Separation of TGs required non-aqueous reversed-phase chromatography (NARP), because hydrophobic samples are strongly retained in RP column and are not eluted by 100% ACN as the mobile phase.27,28 The mobile phase for NARP separations will therefore consist of a mixture of more polar (A-solvent) and less polar (B-solvent) organic solvents. Often the A-solvent can be ACN or MeOH, while the B-solvent can be acetone, chloroform, iso-propyl alcohol, methylene chloride, or other less polar organic solvents. Sample retention is controlled by the gradient mode by varying the percentage and/or the polarity of the B-solvent. Both C8 and C18 columns are considered as examples of reversed phase liquid chromatography (RP). The difference between the two columns will be in the length of the carbonchain attached to the silica surface. Both are reversed phase, but C18 columns will be more hydrophobic rather than the C8 columns. So, we used C8 column as a less hydrophobic column with symmetric peak shape and optimized RT. Under the LC conditions used, chromatographic resolution was improved oleins were separated within 30 min in olein standards (triolein, diolein, monoolein and 13C3-triolein) and mouse feces sample (Figure 2).
Method validation required an LOD, an LOQ, linearity,
recovery, precision, and accuracy using QC samples. A calibration curve was generated for all analytes using the QC samples fortified with all reference standards at three different concentrations (1, 5 and 20 μg/mL) for the three oleins. Quantification was based on peak area ratios versus the IS. Calibration samples were prepared at twelve different concentrations (each containing triolein, diolein and monoolein). Least-squares regression analysis was performed on peak area ratios obtained at different concentrations to obtain the calibration curves. The assay method was found to be linear and all the validation parameters were within acceptance range. Triolein, diolein and monoolein had an LOQ of 1.0 μg/mL. The devised method was found to be linear (R2 = 0.994 ？ 0.999) over the dynamic ranges (LOQ-50 μg/mL each; Table 2). Precision and accuracies were determined by the analysis of the prepared QC samples. The intra-day (n = 5) precision (% CV) was 3.8-14.7%, while the accuracy (% bias) was 85.2- 114.9%. The inter-day (n = 5) precision and accuracy was 5.3-14.3% and 90.8-104.2%, respectively.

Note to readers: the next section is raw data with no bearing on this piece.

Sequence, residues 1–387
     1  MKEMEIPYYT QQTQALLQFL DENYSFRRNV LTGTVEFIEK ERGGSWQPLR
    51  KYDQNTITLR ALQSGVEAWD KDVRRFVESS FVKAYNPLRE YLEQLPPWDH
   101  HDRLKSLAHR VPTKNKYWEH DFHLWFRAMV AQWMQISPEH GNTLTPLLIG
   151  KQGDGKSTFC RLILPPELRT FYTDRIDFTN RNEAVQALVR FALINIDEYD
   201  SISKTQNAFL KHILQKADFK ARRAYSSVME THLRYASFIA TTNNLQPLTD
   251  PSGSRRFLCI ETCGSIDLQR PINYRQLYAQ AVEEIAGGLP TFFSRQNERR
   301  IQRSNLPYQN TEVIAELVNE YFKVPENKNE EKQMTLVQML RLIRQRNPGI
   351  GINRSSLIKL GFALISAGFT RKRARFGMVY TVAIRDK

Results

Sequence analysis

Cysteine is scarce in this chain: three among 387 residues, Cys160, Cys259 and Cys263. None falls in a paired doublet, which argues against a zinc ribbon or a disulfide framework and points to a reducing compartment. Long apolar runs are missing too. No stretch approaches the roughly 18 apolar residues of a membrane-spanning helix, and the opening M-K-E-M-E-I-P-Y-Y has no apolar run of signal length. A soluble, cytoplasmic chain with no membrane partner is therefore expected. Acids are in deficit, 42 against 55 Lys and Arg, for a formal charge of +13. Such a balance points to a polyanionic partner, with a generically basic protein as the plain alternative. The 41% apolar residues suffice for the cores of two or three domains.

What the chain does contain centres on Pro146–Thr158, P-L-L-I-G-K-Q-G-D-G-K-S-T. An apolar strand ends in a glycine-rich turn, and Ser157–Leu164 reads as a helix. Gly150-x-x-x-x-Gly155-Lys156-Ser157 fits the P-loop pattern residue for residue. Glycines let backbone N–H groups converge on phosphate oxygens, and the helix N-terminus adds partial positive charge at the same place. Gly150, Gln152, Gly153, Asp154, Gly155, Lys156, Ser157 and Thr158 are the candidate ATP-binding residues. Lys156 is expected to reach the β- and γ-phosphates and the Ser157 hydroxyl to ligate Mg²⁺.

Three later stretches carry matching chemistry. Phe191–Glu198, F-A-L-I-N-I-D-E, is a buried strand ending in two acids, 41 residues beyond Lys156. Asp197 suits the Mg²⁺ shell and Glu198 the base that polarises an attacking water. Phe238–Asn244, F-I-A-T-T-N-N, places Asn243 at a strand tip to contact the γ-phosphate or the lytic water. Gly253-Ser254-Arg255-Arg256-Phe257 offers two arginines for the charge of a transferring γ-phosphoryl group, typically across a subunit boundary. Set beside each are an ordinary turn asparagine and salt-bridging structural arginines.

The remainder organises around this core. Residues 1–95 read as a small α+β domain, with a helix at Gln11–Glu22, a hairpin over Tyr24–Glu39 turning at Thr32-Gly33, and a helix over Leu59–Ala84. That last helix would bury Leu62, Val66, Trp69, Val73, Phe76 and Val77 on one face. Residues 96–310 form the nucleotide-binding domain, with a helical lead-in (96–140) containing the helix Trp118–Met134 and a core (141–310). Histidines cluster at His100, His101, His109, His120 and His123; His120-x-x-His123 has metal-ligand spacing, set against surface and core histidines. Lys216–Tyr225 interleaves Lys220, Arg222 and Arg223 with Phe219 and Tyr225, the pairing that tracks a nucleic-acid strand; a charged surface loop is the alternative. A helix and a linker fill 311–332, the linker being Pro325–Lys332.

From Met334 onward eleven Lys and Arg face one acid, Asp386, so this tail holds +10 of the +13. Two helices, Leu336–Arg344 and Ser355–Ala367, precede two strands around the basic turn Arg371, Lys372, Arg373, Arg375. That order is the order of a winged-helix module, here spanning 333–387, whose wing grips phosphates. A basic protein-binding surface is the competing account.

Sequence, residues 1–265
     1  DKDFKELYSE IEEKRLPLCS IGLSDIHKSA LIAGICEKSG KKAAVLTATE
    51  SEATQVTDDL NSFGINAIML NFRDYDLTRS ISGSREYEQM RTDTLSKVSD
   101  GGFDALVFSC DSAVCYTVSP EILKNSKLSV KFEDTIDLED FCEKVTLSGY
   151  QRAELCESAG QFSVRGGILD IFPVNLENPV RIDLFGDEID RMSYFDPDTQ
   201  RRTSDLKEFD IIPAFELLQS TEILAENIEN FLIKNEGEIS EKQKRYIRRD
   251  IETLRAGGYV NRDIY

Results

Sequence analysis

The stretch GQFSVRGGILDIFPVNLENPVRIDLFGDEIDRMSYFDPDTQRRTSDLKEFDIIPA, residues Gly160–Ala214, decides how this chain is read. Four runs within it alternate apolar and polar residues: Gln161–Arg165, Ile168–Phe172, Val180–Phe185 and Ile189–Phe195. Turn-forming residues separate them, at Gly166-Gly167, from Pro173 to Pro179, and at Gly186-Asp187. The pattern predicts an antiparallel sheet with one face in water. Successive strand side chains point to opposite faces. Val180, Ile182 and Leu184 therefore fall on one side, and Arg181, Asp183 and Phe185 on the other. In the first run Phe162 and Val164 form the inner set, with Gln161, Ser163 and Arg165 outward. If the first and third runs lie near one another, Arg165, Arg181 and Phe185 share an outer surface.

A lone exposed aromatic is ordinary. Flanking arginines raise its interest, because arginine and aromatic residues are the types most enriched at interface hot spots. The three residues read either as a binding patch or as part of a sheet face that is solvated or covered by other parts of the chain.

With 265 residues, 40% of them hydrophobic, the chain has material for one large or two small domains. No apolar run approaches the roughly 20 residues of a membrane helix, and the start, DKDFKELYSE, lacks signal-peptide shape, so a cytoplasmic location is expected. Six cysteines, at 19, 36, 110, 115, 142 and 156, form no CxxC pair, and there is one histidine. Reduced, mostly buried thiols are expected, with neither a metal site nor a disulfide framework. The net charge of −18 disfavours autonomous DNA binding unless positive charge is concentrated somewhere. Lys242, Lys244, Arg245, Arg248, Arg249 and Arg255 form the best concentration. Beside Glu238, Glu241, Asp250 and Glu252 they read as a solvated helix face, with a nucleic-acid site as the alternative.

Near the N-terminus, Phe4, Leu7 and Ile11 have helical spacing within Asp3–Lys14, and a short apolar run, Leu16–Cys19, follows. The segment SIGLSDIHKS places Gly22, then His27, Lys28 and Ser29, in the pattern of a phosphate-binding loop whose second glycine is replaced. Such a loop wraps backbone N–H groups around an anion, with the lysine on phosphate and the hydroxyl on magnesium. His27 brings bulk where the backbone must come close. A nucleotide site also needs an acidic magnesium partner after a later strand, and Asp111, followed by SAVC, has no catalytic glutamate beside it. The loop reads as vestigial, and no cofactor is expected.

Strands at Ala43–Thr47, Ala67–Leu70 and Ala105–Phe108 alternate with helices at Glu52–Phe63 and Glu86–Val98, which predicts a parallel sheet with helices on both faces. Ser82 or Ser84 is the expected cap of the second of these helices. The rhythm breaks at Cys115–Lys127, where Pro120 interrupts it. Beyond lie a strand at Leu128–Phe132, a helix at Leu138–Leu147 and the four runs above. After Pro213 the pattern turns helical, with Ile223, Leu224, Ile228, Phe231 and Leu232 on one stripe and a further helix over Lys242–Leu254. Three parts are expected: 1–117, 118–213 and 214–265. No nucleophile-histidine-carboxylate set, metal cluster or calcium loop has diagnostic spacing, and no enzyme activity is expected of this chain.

Fat in the mouse feces and fur were extracted and homogenized as above. We determined the concentrations of oleins (trioein, diolein and monoolein) in mouse feces
extract by LC-ESI/MS method. The concentrations of triolein and diolein increased as the administrated dose increased. Monoolein was not detected in the feces and fur
[Figure 3.] Thin layer chromatography of extracts of mouse feces and fur fed with from 0 to 90 μL of triolein solution containing Sudan IV at 2 mg/mL (1). T: triolein, S: Sudan IV and TS: Sudan IV dissolved in triolein at 2 mg/mL were used as controls. Quantification of excreted oils from mice fed with 0 to 90 μL of triolein by LC-ESI/MS (solid circles) and TLC (open circles) (2). For LC-ESI/MS, the mass of excreted diolein was converted and added to the corresponding triolen to calculate total excreted oil.
probably because orlistat was co-administrated to prevent lipid digestion in the intestine. Portion of triolein was degraded to diolein by lipase, monoolein, however, may not have been formed or could have been absorbed to the system to be detected in the fecal matter (Table 3).
The extracts obtained from feces and fur after feeding 0 to 90 μL of triolein containing Sudan IV at 2 mg/mL were spotted on a TLC plate and developed to reveal oil spots (Figure 3). Triolein, Sudan IV and triolein/Sudan IV were used as controls. Sudan IV had red color that can be identified by naked eye. After burning the plate, Sudan IV was charred to black spots at Rf = 1. A little below the spots from Sudan IV, spots from triolein were revealed at Rf = 0.95. Diolen and other oils were spotted at Rf = 0.72. The Spots from triolein were quantified by image analysis and plotted in Figure 3 (1). The excreted oils from the mice quantified by TLC (open circles) coincide well with those quantified by LC-ESI/MS (solid circles) in Figure 3 (2).
In this paper, a LC-MS method was developed for simultaneous quantitative analysis of triacylglycerols (TGs) in mouse feces using liquid chromatography-electrospray ionization/mass spectrometry. Our sample preparation procedure was rapid, simple than traditional measurements of stool fat. Moreover, separation of TGs was optimized with well-defined peak shapes and RTs by using a less hydrophobic C8 column than C18 reverse-phase column. This method has been successfully applied to simultaneous determination of triolein, diolein and monoolein in feces from 30 mice. The concentrations of triolein and diolein increased linearly as the administrated dose increased. However, monoolein was not detected in the samples because orlistat, a lipase inhibitor, was co-administrated with triolein. This method can therefore be applied to measure TGs in mouse feces accurately and precisely by LC-ESI/MS, thereby helping to predictive biomarker in fat malabsorption such as steatorrhea, intestinal and pancreatic disease and for the diagnostic research.